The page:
Parenting Consultants in Philly: Do You Actually Need One?

Mommy's Little Helper:  Baby concierge Marisa Piccarreto at her South Street boutique. Photograph by Jillian Guyette

Mommy’s Little Helper: Baby concierge Marisa Piccarreto at her South Street boutique. Photograph by Jillian Guyette

Last fall, 20 hours after our firstborn came home from the hospital, our little family welcomed its first visitor: my lactation consultant. She glided in, assessed and tweaked my nursing technique, and left her number should any drama arise. It was, my husband and I agreed, $150 well spent.

My lactation consultant. I know this sounds like something you’d hear on Real Housewives of Bourgeoisville. A co-worker—a boomer who’s raised two children—didn’t pull any punches when, a few months later, we were discussing the recent uptick in Philly pros to whom your average parent is turning for help: the nursing experts, yes, but also the sleep consultants, the postpartum doulas, the child nutritionists and so forth.

“You fucking incompetents!” she hooted. “We had help. It was called Dr. Spock.”

Today’s parents have Dr. Spock, too. But now we also have Dr. Sears. And Baby Wise. And the Baby Whisperer. And the Internet.
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Mom’s Tylenol Use, Dad’s Age Are Latest Suspects on ADHD Front

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A pair of recently concluded long-term studies may shine some light on the causes of ADHD as well as other mental illnesses including bipolar disorder, autism and psychosis.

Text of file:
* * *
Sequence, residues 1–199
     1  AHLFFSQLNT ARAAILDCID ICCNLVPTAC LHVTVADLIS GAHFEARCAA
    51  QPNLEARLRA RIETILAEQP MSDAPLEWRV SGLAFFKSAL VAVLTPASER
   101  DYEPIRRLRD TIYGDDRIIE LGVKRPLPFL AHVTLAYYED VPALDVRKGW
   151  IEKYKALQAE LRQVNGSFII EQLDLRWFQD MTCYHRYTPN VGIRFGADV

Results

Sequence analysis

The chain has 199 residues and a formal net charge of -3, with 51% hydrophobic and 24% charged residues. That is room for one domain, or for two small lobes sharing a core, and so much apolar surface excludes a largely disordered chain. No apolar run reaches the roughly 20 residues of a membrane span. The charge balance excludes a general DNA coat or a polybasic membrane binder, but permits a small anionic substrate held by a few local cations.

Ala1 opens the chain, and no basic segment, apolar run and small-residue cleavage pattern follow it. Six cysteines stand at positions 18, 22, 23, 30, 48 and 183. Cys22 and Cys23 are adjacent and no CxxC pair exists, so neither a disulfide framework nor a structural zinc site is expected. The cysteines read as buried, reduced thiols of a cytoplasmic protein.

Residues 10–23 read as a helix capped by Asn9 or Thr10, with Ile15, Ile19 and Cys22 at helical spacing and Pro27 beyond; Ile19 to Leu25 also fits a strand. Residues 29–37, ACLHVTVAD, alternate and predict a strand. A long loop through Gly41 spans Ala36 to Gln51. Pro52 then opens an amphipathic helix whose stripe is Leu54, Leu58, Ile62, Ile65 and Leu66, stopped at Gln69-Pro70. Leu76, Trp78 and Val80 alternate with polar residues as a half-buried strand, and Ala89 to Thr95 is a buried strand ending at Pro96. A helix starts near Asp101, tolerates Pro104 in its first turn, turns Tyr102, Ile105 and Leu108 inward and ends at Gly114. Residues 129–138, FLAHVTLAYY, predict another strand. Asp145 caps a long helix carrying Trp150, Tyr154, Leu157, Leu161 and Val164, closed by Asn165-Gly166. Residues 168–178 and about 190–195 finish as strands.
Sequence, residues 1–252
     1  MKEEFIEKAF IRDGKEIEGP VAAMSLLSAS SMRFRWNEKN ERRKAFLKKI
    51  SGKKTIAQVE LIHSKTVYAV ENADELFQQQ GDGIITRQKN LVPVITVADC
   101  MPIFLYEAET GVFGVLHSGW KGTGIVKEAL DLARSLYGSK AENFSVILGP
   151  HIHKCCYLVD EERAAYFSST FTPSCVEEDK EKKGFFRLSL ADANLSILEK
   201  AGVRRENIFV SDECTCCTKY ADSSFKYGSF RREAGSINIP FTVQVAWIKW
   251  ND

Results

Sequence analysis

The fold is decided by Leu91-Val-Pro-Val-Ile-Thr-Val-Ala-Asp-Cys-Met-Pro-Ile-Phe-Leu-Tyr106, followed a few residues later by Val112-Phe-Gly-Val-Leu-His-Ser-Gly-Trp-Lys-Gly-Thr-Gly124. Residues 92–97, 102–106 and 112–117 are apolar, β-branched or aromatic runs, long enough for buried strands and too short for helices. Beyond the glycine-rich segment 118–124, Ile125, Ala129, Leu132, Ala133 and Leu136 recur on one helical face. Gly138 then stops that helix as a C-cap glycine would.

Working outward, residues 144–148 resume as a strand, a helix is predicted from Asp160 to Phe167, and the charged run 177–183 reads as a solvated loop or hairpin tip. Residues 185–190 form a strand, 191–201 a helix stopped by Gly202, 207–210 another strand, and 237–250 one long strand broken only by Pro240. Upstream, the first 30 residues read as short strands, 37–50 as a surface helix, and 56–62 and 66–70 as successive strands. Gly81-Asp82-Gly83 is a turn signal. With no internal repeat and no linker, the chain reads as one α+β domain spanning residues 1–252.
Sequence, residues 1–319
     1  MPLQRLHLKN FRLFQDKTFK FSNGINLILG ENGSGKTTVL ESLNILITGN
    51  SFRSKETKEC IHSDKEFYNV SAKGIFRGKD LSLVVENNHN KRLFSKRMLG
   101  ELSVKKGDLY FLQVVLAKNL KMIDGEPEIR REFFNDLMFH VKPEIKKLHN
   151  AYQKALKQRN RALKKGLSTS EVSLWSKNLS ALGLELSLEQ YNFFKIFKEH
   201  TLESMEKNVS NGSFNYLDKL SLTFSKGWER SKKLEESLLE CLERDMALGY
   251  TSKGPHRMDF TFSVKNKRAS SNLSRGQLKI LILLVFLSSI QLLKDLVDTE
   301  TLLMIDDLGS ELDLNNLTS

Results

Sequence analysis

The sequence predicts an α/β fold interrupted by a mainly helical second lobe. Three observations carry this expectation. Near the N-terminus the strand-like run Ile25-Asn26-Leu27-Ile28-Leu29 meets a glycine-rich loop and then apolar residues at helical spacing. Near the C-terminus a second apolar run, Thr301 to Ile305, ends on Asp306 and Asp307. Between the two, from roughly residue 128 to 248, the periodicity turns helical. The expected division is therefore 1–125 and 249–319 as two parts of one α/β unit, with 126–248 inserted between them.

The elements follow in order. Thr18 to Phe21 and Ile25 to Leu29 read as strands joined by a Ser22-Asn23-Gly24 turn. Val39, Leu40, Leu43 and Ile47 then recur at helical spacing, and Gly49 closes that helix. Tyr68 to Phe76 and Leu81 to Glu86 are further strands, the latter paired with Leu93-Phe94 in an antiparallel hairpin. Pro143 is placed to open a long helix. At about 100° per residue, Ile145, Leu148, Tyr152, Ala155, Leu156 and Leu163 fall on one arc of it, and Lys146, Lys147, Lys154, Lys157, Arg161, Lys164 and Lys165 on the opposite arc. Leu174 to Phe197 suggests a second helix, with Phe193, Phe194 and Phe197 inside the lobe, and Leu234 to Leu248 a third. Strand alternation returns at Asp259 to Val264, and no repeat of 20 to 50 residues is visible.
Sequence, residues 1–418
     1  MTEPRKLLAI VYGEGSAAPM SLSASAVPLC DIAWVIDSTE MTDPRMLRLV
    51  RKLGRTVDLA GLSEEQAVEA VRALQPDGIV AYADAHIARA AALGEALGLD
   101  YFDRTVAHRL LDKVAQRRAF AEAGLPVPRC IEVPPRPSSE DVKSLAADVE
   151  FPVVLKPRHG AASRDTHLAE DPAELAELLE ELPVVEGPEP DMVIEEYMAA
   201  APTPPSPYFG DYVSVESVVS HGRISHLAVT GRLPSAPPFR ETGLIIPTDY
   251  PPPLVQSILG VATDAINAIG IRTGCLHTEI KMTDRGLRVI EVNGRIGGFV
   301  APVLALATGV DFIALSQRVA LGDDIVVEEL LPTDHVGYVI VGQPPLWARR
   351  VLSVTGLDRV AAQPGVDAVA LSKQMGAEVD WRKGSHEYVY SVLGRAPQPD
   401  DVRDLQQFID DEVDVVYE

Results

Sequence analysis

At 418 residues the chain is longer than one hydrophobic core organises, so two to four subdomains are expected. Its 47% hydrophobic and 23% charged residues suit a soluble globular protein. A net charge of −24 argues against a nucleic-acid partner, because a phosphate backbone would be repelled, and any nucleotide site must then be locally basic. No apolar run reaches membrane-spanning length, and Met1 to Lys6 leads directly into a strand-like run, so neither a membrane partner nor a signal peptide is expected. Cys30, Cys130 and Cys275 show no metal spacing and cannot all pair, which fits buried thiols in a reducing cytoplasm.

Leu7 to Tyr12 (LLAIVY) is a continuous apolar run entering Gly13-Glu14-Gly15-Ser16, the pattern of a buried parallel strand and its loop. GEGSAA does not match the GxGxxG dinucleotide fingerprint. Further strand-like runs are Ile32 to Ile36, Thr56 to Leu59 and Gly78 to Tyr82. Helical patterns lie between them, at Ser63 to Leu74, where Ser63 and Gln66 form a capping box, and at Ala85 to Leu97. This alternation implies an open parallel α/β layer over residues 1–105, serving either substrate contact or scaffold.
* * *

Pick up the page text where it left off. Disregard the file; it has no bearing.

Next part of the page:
In the first, published online by JAMA Pediatrics, researchers at UCLA linked the use by pregnant women of over-the-counter acetaminophen—the pain reliever in Tylenol—with a heightened risk of both attention deficit/hyperactivity disorder and hyperkinetic disorder, an especially severe form of ADHD. The researchers reviewed the health histories of some 64,000 children and mothers in the Danish National Birth Cohort between the years 1996 to 2002—histories that included phone interviews during pregnancy, six months after childbirth, and when children turned seven. Birth Cohort moms had taken a standard behavioral screening questionnaire while pregnant; researchers also checked with the national health registries for diagnoses of hyperkinetic disorder and use of ADHD meds. Read more »

Sorry, Parents: That “Make Your Baby a Genius,” Early-Learning Product You Bought Doesn’t Do Jack

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We know, we know: Your baby is the smartest baby ever. You made sure of that when you shelled out big bucks for a program to teach her to read even before she could walk. You know the one—DVDs, flashcards, flip books, all guaranteed, if used on a daily basis, to get your special snowflake into the best preschool, the best prep school, and then Harvard here we come!